I believe freedom is much deeper than this.

The reality is that every decision we make in this life has been influenced in some way by the culture we live in and the past we have experienced. I can never make a free choice in life because if it is truly going to be my choice then it must be free from all external factors, and this is impossible. We do not live in a vacuum.

Freedom therefore is not about arbitrary choice (a choice that is made on impulse or a whim and not by necessity or reason). We are never able to truly do this.

Freedom is about love.

God is love, and he is utterly free in his love. He does not need anything or anyone to be loving. He has been love since before anything existed because he has existed for eternity as Father, Son and Spirit, a perfect loving community within Himself, who loves in perfect freedom.

Therefore, freedom is about love and experiencing the freedom of God and His love. Love is defined as self-giving and sacrificial. Love is defined at the Cross. Love is defined as we look at God.

If then, our lives do not reflect love, then we are not experiencing freedom, but become slaves to that which has mastered us. To experience love is to experience freedom.

God has revealed to us a way of life through Jesus that enables us to experience God's love and in experiencing God's love we experience freedom. Some things in life God calls us to resist because they seek to tear down love and in turn rob us of freedom. Freedom is not about breaking rules or making my choice. Love is not about following rules and never making a choice.

Freedom is to experience the love of God and to share in His love for us. Freedom is about following Jesus where He leads us in His love that we may have an abundant life.

'...where the Spirit of the Lord is, there is freedom.' 2 Corinthians 3:17

Wednesday, 20 January 2010

Moving and Community

Haven't blogged for a little while as Sarah, Grace and I have been travelling around the UK seeking where God may be calling us after I finish my studies at college.

It has been a tiring but good time away.

It is a fascinating and challenging time in our lives. The prospect of moving away from Mersea to a new place where we don't know anyone is quite daunting. Sarah and I have grown up in Mersea so all our family and friends live here or close by, and leaving them will be quite a pull. Yet at the same time we are both ready to move. We are excited by the journey ahead of us. We are looking forward to the challenges and possibilities of a new place and new ministry.

On Monday I will blog about any updates I know in terms of where I may or may not be called to.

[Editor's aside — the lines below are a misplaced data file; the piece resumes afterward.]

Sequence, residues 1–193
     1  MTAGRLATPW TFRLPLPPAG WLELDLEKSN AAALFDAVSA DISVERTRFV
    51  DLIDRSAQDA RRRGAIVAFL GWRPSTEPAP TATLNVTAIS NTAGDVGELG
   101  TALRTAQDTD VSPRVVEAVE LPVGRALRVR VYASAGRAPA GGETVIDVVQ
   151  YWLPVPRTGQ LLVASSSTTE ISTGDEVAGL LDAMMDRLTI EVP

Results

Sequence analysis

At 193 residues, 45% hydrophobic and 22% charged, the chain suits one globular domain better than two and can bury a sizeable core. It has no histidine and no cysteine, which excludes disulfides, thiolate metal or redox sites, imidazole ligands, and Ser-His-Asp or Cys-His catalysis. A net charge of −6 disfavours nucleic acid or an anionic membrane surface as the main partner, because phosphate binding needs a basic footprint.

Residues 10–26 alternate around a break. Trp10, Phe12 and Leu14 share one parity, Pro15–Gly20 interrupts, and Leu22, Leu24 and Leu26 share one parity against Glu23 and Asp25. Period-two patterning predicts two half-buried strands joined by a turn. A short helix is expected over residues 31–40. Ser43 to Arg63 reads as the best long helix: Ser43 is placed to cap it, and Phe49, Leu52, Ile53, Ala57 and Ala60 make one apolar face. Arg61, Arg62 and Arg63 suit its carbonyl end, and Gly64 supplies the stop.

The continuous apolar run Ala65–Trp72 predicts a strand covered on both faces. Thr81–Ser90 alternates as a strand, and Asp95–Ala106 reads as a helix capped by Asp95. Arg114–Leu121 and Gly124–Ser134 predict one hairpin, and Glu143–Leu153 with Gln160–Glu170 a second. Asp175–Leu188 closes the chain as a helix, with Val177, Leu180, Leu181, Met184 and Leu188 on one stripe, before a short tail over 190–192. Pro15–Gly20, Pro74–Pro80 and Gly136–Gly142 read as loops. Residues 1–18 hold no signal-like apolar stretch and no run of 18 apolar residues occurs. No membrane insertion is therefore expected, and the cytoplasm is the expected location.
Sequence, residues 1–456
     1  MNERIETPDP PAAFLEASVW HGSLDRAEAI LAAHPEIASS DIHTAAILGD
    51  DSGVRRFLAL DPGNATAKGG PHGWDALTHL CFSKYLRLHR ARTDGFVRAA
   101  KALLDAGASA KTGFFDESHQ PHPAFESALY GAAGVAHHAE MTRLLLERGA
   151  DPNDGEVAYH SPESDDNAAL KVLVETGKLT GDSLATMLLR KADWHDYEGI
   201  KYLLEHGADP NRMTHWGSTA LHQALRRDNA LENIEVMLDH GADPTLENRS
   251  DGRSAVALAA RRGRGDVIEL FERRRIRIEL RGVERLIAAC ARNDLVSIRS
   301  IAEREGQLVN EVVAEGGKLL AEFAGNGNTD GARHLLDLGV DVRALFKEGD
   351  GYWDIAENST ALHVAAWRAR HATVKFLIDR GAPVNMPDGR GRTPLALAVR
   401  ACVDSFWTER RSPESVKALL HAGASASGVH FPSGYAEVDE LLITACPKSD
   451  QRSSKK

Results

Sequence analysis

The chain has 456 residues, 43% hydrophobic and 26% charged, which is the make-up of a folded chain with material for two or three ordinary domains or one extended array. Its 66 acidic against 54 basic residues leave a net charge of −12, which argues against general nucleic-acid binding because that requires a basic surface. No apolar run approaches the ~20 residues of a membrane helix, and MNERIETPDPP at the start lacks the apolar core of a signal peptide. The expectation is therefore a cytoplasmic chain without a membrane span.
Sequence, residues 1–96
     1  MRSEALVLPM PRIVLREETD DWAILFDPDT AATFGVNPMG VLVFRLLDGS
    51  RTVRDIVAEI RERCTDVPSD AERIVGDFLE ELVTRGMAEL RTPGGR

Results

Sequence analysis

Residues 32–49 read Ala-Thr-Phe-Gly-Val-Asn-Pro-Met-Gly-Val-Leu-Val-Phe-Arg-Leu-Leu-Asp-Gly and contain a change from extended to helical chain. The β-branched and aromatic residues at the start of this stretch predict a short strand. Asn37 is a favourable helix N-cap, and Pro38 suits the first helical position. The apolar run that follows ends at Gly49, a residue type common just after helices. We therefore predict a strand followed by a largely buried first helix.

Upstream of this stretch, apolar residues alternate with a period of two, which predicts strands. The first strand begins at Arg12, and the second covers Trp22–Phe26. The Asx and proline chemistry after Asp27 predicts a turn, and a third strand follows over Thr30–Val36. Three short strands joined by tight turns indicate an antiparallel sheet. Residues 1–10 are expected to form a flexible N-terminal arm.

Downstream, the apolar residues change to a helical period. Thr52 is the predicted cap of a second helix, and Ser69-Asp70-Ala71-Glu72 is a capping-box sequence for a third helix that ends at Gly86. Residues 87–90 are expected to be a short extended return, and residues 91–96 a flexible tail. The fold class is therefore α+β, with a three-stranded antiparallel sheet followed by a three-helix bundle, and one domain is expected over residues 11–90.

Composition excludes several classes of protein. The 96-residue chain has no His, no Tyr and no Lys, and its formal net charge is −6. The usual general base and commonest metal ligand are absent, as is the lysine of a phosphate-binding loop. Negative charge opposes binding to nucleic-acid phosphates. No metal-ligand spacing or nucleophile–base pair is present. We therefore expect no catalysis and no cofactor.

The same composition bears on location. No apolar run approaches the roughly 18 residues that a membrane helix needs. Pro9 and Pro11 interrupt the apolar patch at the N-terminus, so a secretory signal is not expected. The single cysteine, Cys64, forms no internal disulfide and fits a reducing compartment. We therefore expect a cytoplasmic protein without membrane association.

On another note...

These British Gas adverts highlight the way society is viewing itself at the moment, and that is not a good thing.
The way they portray having a home on your own little world, separated out from everyone else is an example of where our society sees itself. It is about ME and MY own little world.

The church is being called to model and highlight the importance of community and how we are connected to one another in some way.

We don't live in our own little world, we are connected and are called to live in such a way that recognises our neighbour and our calling to love our neighbour.

Thursday, 14 January 2010

Crash

'Crash is an informal gathering of people who meet to discuss relevant issues while enjoying good food and wine. We invite a guest speaker to join us and share for 10-15 minutes about an issue which then enables conversations to begin. Over the meal we then ask questions of our guest, discuss the issue in greater depth and see where the conversation takes us.

It is called ‘Crash’ because so often in life two opposing views come crashing together and we try to salvage answers from among the wreckage. Crash seeks to be different and looks to enable different views to come together in such a way that enriches us all rather than tearing us apart.'

Last night I hosted another evening of 'Crash' and again, it was a great evening of honest and open discussion about things of life and faith.

My bro Tom shared about his 'journey of disbelief' and why he is now an atheist. It was good to hear his thoughts and views on God, church and life. Those of us there that are followers of Jesus often agreed with what Tom was saying when he spoke about doubt, pain, church and the human condition.

What I loved about last night was the freedom of honesty. People were not hiding behind masks. People were not trying to give pat answers to impossible questions. People were free to share who they are and what they believe. And yet again the night finished with a real sense of togetherness and acceptance.

Freedom. That is what was expressed and experienced last night. Again, last night Crash was a great example of how people from a whole spectrum of belief systems can come together and talk openly together and have the freedom to discuss and question, laugh and relax together.